The International Criminal Court (ICC) dropped its case against Kenyan Deputy President William Ruto on Tuesday.
In a divided panel, a majority of judges ruled to vacate the case against Mr. Ruto and Joshua arap Sang, a former radio presenter.
The two had been charged with crimes against humanity for their involvement in the 2007-2008 post-election violence that left roughly 1,113 people dead and internally displaced over 500,000 Kenyans.
“The charges are hereby vacated and the accused are discharged from the process without prejudice to their presumption of innocence or the prosecutor’s right to re-prosecute the case at a later time,” presiding Judge Eboe-Osuji ruled.
Judge Robert Fremr argued that there was no basis for the defendants’ prosecution based on the evidence presented to the court.
While Judge Eboe-Osuji dismissed the current case against the accused, he declared a mistrial, stating that the judicial process might have been affected by "witness interference and political meddling,” which weakened the prosecution’s case.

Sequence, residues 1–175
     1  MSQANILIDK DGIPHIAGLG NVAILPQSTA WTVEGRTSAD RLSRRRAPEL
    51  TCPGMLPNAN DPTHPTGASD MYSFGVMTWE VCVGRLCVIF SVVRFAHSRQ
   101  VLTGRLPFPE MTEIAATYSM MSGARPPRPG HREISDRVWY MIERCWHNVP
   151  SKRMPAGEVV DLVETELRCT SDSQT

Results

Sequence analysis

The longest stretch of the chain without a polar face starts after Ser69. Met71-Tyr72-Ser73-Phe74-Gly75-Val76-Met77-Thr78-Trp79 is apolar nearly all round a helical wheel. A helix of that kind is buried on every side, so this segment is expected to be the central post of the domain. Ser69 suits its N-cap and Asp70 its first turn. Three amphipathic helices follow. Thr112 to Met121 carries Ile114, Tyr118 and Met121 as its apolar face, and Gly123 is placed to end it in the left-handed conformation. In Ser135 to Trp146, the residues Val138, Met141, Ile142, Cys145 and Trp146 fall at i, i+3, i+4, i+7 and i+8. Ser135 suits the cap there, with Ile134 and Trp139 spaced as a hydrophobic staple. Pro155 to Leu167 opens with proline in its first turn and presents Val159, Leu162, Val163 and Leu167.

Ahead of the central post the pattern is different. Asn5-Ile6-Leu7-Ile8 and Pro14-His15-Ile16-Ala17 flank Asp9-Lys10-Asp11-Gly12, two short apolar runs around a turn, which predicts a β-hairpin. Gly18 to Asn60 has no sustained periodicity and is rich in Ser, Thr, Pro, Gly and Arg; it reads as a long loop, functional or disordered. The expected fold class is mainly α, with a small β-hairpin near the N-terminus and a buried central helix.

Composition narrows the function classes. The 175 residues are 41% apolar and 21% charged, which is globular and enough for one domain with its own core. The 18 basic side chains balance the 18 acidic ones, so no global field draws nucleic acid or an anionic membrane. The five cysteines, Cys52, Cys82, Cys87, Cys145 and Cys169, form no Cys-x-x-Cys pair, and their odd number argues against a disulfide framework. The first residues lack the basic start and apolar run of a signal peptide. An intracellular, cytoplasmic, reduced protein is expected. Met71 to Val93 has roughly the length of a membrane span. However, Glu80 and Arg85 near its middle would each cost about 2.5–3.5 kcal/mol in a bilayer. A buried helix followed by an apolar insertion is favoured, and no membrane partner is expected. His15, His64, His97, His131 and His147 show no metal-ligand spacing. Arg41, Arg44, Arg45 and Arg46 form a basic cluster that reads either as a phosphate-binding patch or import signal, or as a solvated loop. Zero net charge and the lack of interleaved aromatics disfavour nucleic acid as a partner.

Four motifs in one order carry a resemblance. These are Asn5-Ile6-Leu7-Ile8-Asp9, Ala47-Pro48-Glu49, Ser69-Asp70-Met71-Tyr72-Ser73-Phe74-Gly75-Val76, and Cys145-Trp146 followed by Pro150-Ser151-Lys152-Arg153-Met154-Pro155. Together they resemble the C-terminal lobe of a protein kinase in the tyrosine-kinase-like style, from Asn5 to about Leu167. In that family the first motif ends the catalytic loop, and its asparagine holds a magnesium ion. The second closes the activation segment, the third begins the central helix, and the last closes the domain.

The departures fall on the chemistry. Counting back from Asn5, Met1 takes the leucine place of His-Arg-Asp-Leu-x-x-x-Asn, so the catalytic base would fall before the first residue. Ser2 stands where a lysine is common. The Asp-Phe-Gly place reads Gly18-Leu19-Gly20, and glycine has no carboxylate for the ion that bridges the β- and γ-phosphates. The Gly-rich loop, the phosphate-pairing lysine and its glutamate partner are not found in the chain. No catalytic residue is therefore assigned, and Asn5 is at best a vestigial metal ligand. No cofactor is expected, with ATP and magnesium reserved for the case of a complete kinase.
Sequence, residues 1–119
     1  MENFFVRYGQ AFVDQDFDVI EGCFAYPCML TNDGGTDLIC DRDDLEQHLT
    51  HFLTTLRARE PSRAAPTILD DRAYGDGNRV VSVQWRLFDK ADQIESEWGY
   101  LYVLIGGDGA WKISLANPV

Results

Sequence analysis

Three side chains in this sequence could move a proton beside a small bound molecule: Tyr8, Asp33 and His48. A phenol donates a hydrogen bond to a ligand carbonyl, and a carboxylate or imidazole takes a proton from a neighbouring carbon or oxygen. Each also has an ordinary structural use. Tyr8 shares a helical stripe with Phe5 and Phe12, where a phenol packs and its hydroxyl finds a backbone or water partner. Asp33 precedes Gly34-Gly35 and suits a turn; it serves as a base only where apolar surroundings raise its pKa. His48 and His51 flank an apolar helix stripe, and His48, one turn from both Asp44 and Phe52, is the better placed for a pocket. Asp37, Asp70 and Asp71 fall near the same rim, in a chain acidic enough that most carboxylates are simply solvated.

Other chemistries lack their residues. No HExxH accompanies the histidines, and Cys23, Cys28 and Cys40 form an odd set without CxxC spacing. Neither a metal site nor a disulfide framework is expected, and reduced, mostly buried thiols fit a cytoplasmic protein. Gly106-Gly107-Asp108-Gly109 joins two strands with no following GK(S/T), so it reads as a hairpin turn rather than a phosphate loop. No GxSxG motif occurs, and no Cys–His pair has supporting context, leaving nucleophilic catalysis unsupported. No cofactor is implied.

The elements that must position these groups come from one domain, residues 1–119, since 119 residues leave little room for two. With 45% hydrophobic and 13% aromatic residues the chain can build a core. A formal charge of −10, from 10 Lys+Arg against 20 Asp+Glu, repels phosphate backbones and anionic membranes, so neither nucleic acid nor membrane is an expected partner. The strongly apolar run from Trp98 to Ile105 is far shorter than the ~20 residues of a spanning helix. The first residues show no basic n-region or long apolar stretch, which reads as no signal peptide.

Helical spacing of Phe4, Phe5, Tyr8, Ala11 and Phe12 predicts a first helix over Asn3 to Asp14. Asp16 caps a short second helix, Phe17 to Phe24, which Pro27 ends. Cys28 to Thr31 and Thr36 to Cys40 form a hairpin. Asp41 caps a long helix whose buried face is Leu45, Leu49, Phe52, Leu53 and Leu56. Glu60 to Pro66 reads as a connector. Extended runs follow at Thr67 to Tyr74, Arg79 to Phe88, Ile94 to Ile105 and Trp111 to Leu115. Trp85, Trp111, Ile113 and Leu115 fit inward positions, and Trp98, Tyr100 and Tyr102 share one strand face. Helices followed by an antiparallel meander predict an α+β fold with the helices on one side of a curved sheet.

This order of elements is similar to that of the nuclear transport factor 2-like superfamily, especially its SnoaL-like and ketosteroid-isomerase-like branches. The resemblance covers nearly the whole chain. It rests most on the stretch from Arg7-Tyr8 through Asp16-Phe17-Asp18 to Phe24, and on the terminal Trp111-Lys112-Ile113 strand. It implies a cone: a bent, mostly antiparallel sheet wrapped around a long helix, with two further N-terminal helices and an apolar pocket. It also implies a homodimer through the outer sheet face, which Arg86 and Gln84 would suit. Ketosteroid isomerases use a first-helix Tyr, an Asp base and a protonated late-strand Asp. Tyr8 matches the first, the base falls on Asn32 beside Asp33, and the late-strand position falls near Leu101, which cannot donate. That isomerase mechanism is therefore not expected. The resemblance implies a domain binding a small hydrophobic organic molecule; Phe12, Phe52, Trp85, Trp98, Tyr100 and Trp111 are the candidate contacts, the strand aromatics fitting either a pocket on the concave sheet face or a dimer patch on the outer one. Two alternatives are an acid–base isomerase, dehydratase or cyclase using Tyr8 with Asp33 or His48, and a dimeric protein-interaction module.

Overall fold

Judge Hererra Carbuccia, in her dissenting opinion, argued that the charges against the accused should not be vacated. She said that the evidence against Mr. Ruto and Mr. Sang was sufficient to convict the them.
The ICC has now failed to convict six suspects charged with crimes against humanity for their roles in the post-election violence. In addition to Mr. Ruto and Mr. Sang, they include Kenyan President Uhuru Kenyatta, MP Henry Kosgey, former head of public service Francis Muthaura, and former police commissioner Hussein Ali.
Mr. Kenyatta was charged for crimes against humanity, but his case was suspended because the government was threatening and bribing witnesses and blocking investigations, according to the prosecutor.
Nelly Warega, a lawyer for the victims of the violence, condemned the ruling, saying it was a “huge disappointment.”
While the cases against Mr. Ruto and Mr. Sang have been dropped, they can still be re-tried in the future.